Cybercriminals take advantage of vulnerabilities in software, hardware and human behaviour online. Their goals include stealing personal and commercial information through fraud, and extortion. Cybercriminals targeting Canadians operate around the world, often beyond the reach of Canadian law enforcement agencies.

“Cybercrime is the most common cyber threat that Canadians
and Canadian organizations are likely to encounter.”

Cyber fraud and extortion attempts directed at Canadians are becoming more sophisticated. Cybercriminals use both cyber tools and social engineering. Cybercriminals may defraud Canadians by posing as legitimate organizations, such as government agencies, banks or familiar service providers to entice Canadians to click on malicious links or attachments in order to download malware onto their devices.

Canadians’ exposure to cyber threats has increased due to the prevalence of internet-connected devices, such as televisions, home appliances, digital assistants and home control systems, which often prioritize convenience over security. Security flaws in these devices can be exploited to disrupt the functionality of the device or to use it as a platform to launch further malicious activity.

What is the Government of Canada doing?

Through the National Cyber Security Strategy, the Government of Canada is supporting the creation of the RCMP’s National Cybercrime Coordination Unit, which will act as a coordination hub for cyber crime investigations in Canada and work with partners internationally; provide digital investigative advice to Canadian law enforcement; and establish a national reporting mechanism for Canadian citizens and businesses to report cybercrime incidents.

In addition, the Canadian Anti-Fraud Centre operated by the RCMP, the Ontario Provincial Police and the Competition Bureau are Canada’s trusted sources for reporting and mitigating mass marketing fraud.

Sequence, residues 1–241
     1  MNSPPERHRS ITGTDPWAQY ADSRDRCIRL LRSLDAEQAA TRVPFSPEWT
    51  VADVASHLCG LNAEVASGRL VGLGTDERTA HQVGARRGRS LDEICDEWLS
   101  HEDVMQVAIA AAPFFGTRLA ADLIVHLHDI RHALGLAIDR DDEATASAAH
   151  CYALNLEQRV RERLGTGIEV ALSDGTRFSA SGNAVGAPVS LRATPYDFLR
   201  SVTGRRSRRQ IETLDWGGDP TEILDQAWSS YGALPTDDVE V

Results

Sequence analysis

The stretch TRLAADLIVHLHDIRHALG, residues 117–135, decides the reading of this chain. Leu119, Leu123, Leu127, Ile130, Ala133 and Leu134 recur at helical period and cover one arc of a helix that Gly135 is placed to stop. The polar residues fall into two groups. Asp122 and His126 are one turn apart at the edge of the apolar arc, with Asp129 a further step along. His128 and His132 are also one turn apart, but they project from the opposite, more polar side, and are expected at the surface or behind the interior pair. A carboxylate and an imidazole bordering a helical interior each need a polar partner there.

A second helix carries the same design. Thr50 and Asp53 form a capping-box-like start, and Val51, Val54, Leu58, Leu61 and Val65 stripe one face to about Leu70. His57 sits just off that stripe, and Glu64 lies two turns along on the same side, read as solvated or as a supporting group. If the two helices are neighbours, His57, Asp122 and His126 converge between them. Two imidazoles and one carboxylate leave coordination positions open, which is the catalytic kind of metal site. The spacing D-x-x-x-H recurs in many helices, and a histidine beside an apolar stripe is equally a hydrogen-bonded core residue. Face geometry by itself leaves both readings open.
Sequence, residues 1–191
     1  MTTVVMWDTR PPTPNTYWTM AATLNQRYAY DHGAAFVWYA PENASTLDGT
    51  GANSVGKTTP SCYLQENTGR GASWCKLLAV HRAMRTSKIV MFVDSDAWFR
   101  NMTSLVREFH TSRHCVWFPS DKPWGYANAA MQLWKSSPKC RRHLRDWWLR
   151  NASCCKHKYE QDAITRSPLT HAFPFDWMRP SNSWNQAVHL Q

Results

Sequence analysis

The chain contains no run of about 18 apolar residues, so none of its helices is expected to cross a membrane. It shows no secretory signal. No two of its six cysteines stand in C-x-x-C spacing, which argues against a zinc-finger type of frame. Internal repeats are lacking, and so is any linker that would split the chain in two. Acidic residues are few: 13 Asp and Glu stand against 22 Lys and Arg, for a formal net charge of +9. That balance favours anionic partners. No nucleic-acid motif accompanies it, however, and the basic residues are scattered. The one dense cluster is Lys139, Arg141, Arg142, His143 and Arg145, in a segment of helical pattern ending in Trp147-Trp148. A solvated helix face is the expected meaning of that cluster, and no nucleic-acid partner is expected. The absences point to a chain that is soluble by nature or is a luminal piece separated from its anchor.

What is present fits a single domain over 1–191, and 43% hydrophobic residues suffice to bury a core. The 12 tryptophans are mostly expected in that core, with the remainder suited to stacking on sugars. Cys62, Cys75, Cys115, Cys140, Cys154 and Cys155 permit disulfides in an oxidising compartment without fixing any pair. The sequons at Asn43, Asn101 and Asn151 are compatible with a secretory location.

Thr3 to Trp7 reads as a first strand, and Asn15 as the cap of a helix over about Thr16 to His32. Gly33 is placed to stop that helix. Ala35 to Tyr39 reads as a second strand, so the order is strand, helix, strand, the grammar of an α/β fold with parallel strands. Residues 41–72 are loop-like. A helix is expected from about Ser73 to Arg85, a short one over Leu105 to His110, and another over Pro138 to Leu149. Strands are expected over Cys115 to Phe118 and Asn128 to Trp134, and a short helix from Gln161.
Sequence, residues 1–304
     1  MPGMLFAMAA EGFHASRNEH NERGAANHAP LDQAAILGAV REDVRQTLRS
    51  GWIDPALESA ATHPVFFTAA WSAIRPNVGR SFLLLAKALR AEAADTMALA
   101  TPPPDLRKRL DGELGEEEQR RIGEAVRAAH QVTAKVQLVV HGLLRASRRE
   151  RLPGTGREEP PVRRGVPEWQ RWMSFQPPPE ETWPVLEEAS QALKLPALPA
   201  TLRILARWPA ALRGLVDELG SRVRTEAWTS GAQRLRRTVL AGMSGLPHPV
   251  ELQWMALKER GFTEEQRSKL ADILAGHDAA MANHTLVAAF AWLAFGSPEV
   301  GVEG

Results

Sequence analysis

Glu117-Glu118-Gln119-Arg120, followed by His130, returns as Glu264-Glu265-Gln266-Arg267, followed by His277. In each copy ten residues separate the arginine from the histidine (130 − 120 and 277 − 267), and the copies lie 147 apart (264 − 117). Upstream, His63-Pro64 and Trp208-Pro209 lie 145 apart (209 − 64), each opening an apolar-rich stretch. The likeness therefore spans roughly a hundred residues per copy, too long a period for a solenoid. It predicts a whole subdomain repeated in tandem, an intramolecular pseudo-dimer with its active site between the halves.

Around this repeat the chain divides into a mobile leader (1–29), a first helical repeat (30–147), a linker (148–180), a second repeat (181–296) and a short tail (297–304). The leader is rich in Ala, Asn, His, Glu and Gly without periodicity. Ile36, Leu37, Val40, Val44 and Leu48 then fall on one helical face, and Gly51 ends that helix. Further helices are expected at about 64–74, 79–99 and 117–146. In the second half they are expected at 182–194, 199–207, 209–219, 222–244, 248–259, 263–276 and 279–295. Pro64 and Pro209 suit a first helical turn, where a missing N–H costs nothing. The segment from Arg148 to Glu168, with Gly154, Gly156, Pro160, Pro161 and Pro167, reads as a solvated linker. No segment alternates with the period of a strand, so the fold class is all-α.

The Canadian Centre for Cyber Security has published extensive advice and guidance that can help Canadians stay secure online and reduce their likelihood of being successfully targeted by cybercriminals.

Top Tips: What you can do

  • Use different user ID / password combinations for different accounts. Make the passwords more complicated by combining letters, numbers, special characters and change them on a regular basis.
  • Keep your applications and operating system (e.g. Windows, Mac, Linux) current with the latest system updates. Turn on automatic updates to prevent potential attacks on older software.
  • Download applications from trusted sources to help make your mobile device less vulnerable to viruses and hackers.
  • Make sure your social networking profiles are set to private. Check your security settings and be careful what information you post online.
  • For more go to

Where to report Cybercrime:

  • If your bank accounts or credit cards are affected by cybercrime inform your bank and credit card providers.
  • If any of your federally issued identification was affected, such as a passport or social insurance number, inform Service Canada.
  • Contact Canada’s main credit reporting agencies to have a fraud alert added to your credit report.
  • File a police report and keep note of the report number for reference.
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